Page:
Here is the time-line of events. The United States Department of Justice reverses their long-held opinion that all forms of online gambling are illegal in December of 2011, advising individual states to make that decision for themselves. In early 2012, Nevada becomes the historic first state to legalize online poker soon after that landmark decision, and they are followed up by both Delaware and New Jersey. Here in 2013, none of those states has yet to officially deal the first hand of poker online, but Nevada legislators recently announced that watershed event will happen this May.
There is no argument that the online gambling industry in the United States is a multibillion dollar entity. And for the first time since the DOJ reversal, one state has attached online gambling legalization to its annual budget proposal in the hopes of cashing in on that massive financial pool. New York legislators have included a provision to the 2013/2014 Big Apple budget that would clear the path for online poker in the Empire State. Current rumors have New York’s Senate Majority Coalition in favor of the proposition, and both Dean Skelos and Jeff Klein, leaders in the state Senate, signed off on the online poker budget rider.
Bill language very specifically dictates that the New York State Senate “supports authorizing and regulating internet gaming for games of skill” which include poker. The bill goes on to state that the proposal reflects “recent changes in the classification of these games.” The reversal by the US DOJ changed certain aspects of the 1961 Federal Wire Act, essentially stating that the law should apply only to sports betting and not to other forms of Internet based wagering. That wording by the DOJ in 2011 is the platform which Nevada, Delaware and New Jersey used to legalize online poker, and is the same basis for this New York state legislation.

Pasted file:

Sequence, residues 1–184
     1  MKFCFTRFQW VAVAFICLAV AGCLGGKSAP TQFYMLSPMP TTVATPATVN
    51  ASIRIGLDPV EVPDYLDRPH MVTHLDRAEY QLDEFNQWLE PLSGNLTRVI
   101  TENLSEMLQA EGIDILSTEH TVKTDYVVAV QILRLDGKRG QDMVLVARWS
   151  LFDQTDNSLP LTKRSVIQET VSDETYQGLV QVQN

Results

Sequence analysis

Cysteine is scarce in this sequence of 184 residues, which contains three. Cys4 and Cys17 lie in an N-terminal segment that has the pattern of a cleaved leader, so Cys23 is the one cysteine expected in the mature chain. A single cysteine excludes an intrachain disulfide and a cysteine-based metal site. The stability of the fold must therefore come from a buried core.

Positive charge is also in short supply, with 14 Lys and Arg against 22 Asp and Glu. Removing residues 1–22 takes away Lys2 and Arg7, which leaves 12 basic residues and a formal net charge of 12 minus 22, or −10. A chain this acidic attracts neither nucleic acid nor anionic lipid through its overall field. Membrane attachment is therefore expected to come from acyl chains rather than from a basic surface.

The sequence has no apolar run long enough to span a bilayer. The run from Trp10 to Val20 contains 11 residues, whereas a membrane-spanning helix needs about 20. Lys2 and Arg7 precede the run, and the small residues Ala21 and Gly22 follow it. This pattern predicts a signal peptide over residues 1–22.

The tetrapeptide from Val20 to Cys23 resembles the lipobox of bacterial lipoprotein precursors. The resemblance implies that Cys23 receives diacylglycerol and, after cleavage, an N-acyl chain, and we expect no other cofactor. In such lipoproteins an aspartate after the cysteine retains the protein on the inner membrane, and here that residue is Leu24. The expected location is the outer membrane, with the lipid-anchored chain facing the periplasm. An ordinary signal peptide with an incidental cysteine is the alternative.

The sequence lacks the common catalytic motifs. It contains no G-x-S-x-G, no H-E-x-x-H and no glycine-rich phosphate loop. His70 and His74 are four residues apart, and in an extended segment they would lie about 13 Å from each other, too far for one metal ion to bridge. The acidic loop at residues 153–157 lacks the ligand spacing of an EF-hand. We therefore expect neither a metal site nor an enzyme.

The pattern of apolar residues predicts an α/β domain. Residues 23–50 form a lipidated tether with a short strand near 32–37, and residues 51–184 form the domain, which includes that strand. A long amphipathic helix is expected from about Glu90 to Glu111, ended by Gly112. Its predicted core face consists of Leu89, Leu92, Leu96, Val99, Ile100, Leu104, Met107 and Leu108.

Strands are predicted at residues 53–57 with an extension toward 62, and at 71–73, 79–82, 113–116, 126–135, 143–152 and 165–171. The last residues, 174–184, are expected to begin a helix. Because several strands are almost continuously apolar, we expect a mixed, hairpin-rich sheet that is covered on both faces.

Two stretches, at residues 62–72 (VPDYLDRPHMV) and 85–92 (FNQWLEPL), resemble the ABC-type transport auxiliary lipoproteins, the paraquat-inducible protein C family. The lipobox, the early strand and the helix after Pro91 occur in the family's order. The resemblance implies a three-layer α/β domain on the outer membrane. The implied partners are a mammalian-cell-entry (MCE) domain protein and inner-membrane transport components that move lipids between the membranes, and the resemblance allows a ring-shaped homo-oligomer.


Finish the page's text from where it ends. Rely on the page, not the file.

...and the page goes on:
And even if that legislation is stricken from the budget proposal, industry experts and political watchdogs in The Empire State believe that the issue of online poker would be re-addressed in some form. Early estimates are that New York could add at least an additional $100 million each year to their state coffers with the passage of legalized online poker. New York has been aggressively competing with other states in the land-based casino market, and online acceptance of Internet poker licensing in that state would help make New York more formidable in its overall casino picture.
New York Governor Andrew Cuomo stated that it is his belief that brick-and-mortar casino expansion should roll out slowly and carefully over a period of years, to even include a New York City casino eventually. But passage of a statewide online poker piece of legislation would allow for millions of dollars in licensing and regulation fees to be accepted by the state immediately. With neighboring Pennsylvania recently capturing the title of second largest gambling market in the United States due to its rapid land-based casino expansion, New York would be wise to build their online poker presence before Pennsylvania as an effective countermeasure.